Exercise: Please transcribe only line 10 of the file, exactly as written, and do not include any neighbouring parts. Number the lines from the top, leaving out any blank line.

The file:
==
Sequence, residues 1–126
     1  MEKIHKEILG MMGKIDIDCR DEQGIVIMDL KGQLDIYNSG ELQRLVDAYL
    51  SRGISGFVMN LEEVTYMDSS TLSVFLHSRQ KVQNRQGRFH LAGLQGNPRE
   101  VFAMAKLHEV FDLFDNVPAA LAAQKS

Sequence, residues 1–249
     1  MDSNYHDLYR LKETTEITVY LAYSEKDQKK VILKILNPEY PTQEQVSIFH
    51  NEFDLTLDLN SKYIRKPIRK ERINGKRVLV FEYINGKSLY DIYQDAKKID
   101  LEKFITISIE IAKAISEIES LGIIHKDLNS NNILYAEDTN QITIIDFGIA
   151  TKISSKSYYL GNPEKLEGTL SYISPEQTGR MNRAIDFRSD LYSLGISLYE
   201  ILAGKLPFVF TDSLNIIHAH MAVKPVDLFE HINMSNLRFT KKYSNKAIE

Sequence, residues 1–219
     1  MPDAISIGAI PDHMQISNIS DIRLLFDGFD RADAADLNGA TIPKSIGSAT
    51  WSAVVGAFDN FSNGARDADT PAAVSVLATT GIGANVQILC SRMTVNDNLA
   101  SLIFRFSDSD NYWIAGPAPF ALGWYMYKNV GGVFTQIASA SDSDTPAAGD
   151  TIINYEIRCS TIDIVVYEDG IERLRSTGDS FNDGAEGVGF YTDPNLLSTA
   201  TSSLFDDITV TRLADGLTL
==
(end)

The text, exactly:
   201  ILAGKLPFVF TDSLNIIHAH MAVKPVDLFE HINMSNLRFT KKYSNKAIE